I have shoo goo (a product I’ve never seen in the UK apart from on Amazon) but I hung onto from my time in Canada), a glue gun and craft glue so I considered this carefully but decided against it in the end as I didn’t want to create a hard surface or damage the surrounding sheepskin. I also knew the result would be ugly and I’d still need to make it look pretty afterwards.
2. Take UGG boots to be repaired professionally with another piece of sheepskin
A few forums mentioned cobblers fixing sheepskin by patching it from within, but I couldn’t find a picture to judge it, and was worried the patch would look ugly, be unduly expensive or end up limiting the size of the shoe even more. Honestly I also couldn’t be bothered to drive around visiting branches of Timpsons to ask them if they could help. Plus I like the challenge of accomplishing things myself.
3. Needle felt a design over the hole in your UGGs
I love needle felting (I’m not very good, but I am just about ok as you can see from this lil badger I made!) so I actually tried this on my UGG boots.
I had really high hopes of success because it seemed to make sense that the natural fibres would meld with the sheepskin. I also found a great image on Pinterest of a needle felted heart design on an UGG boot and other people posted about needle felting cute hearts to cover holes in sweaters, so I thought, Bingo!
I even bought a cookie cutter to use as a template for my needle felted design, but I never got that far. I have to report that not only was it a big fat failure, but removing the mess made the hole a lot bigger than it was before. I was using a single needle but I may have been heavy handed with the amount of wool I used and basically I ended up with a hard lump of wool that was sticking out of the hole in an unsightly way and was uncomfortable. Back to the drawing board.
4. Patch UGGs with fabric
I could see that adding an extra piece of fabric was the solution that allowed the most give in the area where the hole was, so it was more likely to last long term. I found a couple of references for patches – some people covered the whole front of the boot, or a smaller area while others had used actual iron-on/ sew-on patches. I bought a couple of fun patches but in the end didn’t want that casual style and so I looked at what I had in my kit and I came up with my own fabric patch solution for my UGGs.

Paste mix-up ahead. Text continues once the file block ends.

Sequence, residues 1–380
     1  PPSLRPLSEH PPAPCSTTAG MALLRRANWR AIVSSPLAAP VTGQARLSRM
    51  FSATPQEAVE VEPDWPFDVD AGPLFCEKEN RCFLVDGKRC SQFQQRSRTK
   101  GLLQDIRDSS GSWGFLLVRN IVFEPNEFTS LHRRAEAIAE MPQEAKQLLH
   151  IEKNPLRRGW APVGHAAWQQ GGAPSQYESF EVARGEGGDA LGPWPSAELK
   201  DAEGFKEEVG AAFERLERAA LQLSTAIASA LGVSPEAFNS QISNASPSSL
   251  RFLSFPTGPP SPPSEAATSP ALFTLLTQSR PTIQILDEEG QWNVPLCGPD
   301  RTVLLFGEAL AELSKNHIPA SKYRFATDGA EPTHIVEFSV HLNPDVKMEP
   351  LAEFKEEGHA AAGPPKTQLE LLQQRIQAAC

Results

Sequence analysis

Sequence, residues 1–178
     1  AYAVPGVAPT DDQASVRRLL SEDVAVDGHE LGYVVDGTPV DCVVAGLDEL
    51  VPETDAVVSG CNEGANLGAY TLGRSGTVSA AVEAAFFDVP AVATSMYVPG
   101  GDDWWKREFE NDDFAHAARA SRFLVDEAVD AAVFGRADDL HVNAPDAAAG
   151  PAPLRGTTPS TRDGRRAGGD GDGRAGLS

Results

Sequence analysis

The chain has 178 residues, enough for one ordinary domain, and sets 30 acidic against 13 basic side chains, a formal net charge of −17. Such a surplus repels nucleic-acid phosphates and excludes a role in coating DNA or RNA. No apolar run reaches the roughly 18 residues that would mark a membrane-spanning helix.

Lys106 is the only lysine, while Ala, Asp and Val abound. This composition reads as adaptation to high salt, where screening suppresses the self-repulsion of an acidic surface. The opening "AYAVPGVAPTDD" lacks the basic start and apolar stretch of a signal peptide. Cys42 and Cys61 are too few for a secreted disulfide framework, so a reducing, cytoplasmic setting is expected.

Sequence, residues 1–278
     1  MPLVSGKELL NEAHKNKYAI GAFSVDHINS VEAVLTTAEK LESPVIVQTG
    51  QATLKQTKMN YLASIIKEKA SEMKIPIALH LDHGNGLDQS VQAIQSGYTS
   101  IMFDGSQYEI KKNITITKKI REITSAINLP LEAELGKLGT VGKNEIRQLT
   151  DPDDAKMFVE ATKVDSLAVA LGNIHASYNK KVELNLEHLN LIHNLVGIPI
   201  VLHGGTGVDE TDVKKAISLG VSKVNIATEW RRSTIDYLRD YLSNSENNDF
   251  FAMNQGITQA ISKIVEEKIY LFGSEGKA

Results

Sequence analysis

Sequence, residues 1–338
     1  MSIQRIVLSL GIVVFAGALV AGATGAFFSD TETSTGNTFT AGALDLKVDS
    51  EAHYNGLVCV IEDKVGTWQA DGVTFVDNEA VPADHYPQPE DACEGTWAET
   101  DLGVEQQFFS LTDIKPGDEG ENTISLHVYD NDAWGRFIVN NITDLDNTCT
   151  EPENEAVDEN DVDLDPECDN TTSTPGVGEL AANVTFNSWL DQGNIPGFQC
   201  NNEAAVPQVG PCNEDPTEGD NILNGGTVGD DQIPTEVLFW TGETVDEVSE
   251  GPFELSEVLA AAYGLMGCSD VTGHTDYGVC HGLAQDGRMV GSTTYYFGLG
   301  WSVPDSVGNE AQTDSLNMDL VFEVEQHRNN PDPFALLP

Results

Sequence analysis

Everything You Need to Patch Your UGGs With Fabric
1. The fabric of your choice
I went with a green and brown tartan because I wanted an earthy colour and had this in my sewing kit anyway. I’d sent off for a selection of fabric swatches when I was having a sofa reupholstered and kept all of them for little jobs just like this, but you can always go into a fabric shop and ask for a small sample. It’s probably best to choose a fabric which won’t get dirty easily and has some give. I like that the tartan covers some of my messy stitching, but having a plain colour would probably look neater.
2. Scissors & scrap paper
Keep big kitchen scissors for definitive cuts and small ones to hand for detailing. Use newspaper or scrap paper to make a template (not as hard as it sounds).
3. Embroidery thread, a needle with a big eye, a thimble, tweezers or a stitch unpicking tool
I had to go and buy some embroidery thread (this is actually multiple strands of thread giving a thicker and more solid, hopefully more durable, finish) but I only spent £3 so a tiny investment. A decent sized needle will be fine and I recommend a stitch unpicker for mistakes but tweezers work too. I used the thimble when shoving the needle through the thick sheepskin blind. I still stabbed my fingers a few times, but hey ho.
4. Hemming web